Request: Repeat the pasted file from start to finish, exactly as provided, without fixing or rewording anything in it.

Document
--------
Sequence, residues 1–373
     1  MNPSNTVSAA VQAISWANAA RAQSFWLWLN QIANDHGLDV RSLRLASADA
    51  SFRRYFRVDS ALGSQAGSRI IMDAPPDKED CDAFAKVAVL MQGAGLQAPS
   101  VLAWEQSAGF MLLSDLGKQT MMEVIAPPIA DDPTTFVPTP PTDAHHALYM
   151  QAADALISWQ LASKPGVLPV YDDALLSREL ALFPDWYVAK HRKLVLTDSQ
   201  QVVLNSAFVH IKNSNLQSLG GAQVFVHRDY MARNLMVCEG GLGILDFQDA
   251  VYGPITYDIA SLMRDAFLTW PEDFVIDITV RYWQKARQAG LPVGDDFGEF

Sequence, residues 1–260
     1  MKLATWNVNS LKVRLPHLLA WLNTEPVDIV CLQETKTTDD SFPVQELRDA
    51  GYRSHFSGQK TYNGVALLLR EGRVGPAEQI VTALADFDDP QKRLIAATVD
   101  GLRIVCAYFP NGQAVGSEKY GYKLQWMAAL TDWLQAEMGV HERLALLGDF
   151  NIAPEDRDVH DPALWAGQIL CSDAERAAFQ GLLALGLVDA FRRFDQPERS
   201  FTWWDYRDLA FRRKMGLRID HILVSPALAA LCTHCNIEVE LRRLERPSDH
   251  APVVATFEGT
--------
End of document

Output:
Sequence, residues 1–373
     1  MNPSNTVSAA VQAISWANAA RAQSFWLWLN QIANDHGLDV RSLRLASADA
    51  SFRRYFRVDS ALGSQAGSRI IMDAPPDKED CDAFAKVAVL MQGAGLQAPS
   101  VLAWEQSAGF MLLSDLGKQT MMEVIAPPIA DDPTTFVPTP PTDAHHALYM
   151  QAADALISWQ LASKPGVLPV YDDALLSREL ALFPDWYVAK HRKLVLTDSQ
   201  QVVLNSAFVH IKNSNLQSLG GAQVFVHRDY MARNLMVCEG GLGILDFQDA
   251  VYGPITYDIA SLMRDAFLTW PEDFVIDITV RYWQKARQAG LPVGDDFGEF

Sequence, residues 1–260
     1  MKLATWNVNS LKVRLPHLLA WLNTEPVDIV CLQETKTTDD SFPVQELRDA
    51  GYRSHFSGQK TYNGVALLLR EGRVGPAEQI VTALADFDDP QKRLIAATVD
   101  GLRIVCAYFP NGQAVGSEKY GYKLQWMAAL TDWLQAEMGV HERLALLGDF
   151  NIAPEDRDVH DPALWAGQIL CSDAERAAFQ GLLALGLVDA FRRFDQPERS
   201  FTWWDYRDLA FRRKMGLRID HILVSPALAA LCTHCNIEVE LRRLERPSDH
   251  APVVATFEGT